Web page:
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MayPac | Head-to-Head Comparison of 5 Common Opponents Preview

Mayweather Pacquiao - John Garita
Photo edit by John Garita/RBRBoxing

We know this much: Manny Pacquiao and Floyd Mayweather will finally touch gloves on May 2, marking the culmination of an incredibly long journey around and toward each other.

Fans have been calling for this fight for five years. For over half a decade, pundits have debated about who would have the advantages, and who would ultimately come out on top. We’ll finally be able to throw the debates aside and watch the real thing unfold in just under a week.

Until then, we can only hypothesize what will happen. By now you’ve already probably read several predictions, previews, breakdowns and tales of the tape. The hyperbole has kicked into high gear. You’ve no doubt read about Floyd beating a polar bear to death in training camp, only to get knocked out and left comatose by Zab Judah the following day.

Manny Pacquiao has had such severe cramps that his left calf muscle reportedly exploded during a quiet jog one morning, but he promptly returned to camp and flattened seven guys with one right hook. To expedite the healing process in his legs, he uses a salve made of children’s tears and holy water. It costs $11,000 dollars a tube and it’s illegal in most countries.

Suffice to say, by the time the fight starts, we’ll be so tired of talking about it that even the sight of Justin Bieber won’t sicken us, because we’ll know it’s time to roll. But until then, all we’ve got is the hype. But rather than break down Manny’s head size and Floyd’s punching power, we’re going to take a look back at the five common opponents these two have faced, to see if there’s anything there that we can take away.

All five opponents will eventually be in the Hall Of Fame. Floyd’s record against them is 5-0 with one knockout, while Pacquiao’s is 6-1-1, with three knockouts and one knockout loss. Let’s break them down, starting with the Golden Boy himself.


1. Floyd Mayweather
vs.
Oscar De La Hoya
154 lbs – May 5, 2007
Result: Mayweather by Split Decision

Floyd Mayweather Oscar De La Hoya - Al Bello Getty Images
Photo by Al Bello/Getty Images

Floyd Mayweather took on the villain role in his 2005 fight with Arturo Gatti, and he showed that he could play the heel exceptionally well. It was no different with Oscar De La Hoya, who was easily the biggest pay-per-view attraction in boxing for years. It was a battle of the best fighter in the sport against the most popular.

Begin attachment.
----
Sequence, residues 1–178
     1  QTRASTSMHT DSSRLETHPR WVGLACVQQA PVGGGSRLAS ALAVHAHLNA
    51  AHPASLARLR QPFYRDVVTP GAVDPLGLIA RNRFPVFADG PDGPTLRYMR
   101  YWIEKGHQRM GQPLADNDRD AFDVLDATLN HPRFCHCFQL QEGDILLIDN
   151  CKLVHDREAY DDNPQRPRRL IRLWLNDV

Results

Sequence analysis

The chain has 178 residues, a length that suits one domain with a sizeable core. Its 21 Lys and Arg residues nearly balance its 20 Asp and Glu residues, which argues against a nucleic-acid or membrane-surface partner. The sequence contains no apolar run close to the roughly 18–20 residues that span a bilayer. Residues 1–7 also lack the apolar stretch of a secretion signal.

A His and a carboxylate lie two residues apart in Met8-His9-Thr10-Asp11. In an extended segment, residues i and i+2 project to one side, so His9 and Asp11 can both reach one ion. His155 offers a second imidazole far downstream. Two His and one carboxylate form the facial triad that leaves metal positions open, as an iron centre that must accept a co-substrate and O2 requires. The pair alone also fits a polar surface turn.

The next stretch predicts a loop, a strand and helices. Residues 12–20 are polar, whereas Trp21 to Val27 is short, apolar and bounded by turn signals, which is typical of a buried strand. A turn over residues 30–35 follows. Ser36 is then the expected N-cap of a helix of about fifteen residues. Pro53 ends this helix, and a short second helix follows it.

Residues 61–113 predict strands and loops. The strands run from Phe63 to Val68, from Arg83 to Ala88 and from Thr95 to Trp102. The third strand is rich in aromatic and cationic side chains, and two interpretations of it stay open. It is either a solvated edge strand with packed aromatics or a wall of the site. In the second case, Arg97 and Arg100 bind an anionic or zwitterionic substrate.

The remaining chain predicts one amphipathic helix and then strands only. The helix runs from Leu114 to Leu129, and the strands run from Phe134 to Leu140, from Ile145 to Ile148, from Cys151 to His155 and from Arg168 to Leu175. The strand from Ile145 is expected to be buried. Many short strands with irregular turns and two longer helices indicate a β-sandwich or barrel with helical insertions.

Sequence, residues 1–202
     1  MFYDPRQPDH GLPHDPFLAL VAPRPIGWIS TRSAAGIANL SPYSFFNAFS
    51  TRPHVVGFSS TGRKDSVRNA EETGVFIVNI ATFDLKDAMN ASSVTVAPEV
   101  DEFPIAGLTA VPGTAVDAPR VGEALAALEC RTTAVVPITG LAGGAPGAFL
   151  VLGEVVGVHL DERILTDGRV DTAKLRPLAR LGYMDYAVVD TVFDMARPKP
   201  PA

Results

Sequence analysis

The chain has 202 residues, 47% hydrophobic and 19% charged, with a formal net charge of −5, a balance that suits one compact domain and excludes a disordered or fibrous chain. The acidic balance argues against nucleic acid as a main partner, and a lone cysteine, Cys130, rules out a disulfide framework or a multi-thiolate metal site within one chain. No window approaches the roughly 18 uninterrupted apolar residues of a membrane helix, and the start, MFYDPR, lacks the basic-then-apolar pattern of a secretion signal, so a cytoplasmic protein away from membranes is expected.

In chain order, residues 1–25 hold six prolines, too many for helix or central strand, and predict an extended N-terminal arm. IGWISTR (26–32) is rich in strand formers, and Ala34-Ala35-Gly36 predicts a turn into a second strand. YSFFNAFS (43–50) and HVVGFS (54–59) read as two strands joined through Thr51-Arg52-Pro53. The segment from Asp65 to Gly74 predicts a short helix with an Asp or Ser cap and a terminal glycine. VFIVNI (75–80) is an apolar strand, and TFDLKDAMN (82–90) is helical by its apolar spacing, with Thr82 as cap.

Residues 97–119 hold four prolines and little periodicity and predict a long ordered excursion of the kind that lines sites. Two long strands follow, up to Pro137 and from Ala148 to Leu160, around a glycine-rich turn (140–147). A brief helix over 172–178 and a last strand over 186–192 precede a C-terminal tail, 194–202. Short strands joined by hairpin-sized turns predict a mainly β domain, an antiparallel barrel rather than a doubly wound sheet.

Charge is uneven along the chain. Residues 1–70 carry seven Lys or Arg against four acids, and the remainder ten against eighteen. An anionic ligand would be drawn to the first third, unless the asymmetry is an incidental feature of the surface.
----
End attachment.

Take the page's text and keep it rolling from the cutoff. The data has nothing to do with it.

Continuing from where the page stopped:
Mayweather came into the fight as the lineal 147 pound champion after schooling Carlos Baldomir and simultaneously putting about 10,000 fans to sleep in the process. He was the clear “B” side, so he agreed to move up in weight to De La Hoya’s realm, the Junior Middleweight division.

De La Hoya had long been a top 10 pound-for-pound fighter, but was clearly on the decline going into the fight. He was just 2-2 in his last four before Mayweather and many people could argue that one of the wins, against Felix Sturm, was an absolute gift decision.

Still, boxing analysts argued that Oscar’s punching power and size advantage would give him the edge over Floyd. They appeared to be right, at least for a few rounds. De La Hoya used his fantastic jab brilliantly in the first half of the fight, keeping Mayweather at the end of it and then firing away when he got his man trapped in the corners.

But eventually, Floyd’s combinations and movement flummoxed Oscar and he pulled away with a tight decision victory. Mayweather sobbed openly after the fight, and the win catapulted him to his own pay-per-view successes.


Manny Pacquiao
vs.
Oscar De La Hoya
147 lbs – December 6, 2008
Result: Pacquiao by RTD Round 8

Oscar De La Hoya Manny Pacquiao Ethan Miller Getty Images North America
Photo by Ethan Miller/Getty Images

Manny Pacquiao had fought twice in 2008, going through hell and squeaking out a razor-thin decision over nemesis Juan Manuel Marquez at 130 pounds, and then jumping to 135 and beating the living piss out of David Diaz.

After that, Larry Merchant suggested the idea that boxing’s best fighter (Mayweather was in the midst of retirement) should take on its most popular. De La Hoya was looking to fight Miguel Cotto, but Cotto was stopped by Antonio Margarito, opening the door for Pacquiao to step in.

Pacquiao had to jump two weight classes to do so. To be clear, he started the year as a Super Featherweight and ended it as a Welterweight. De La Hoya agreed to come down to Welterweight. He shocked many observers by being already at the 147-pound limit weeks before the fight.

He was actually two pounds under the limit at the official weigh in. Many people questioned whether or not Oscar had overtrained. It turned out that it wouldn’t matter much. De La Hoya was taking on an absolute machine in the prime of his career. While Oscar looked like he was fighting in waist-high mud, Manny bounced merrily all over the ring, landing damn-near every single punch he threw.

And he threw a whole lot of them. Oscar’s face was reddened and swelling even after the first round, and it only went south from there. Even De La Hoya’s trainer Nacho Beristain, the brilliant coach who helped Juan Manuel Marquez become Manny’s toughest foe, seemed in awe. Pacquiao, who was a severe underdog for the fight, absolutely destroyed De La Hoya and ended his illustrious career.

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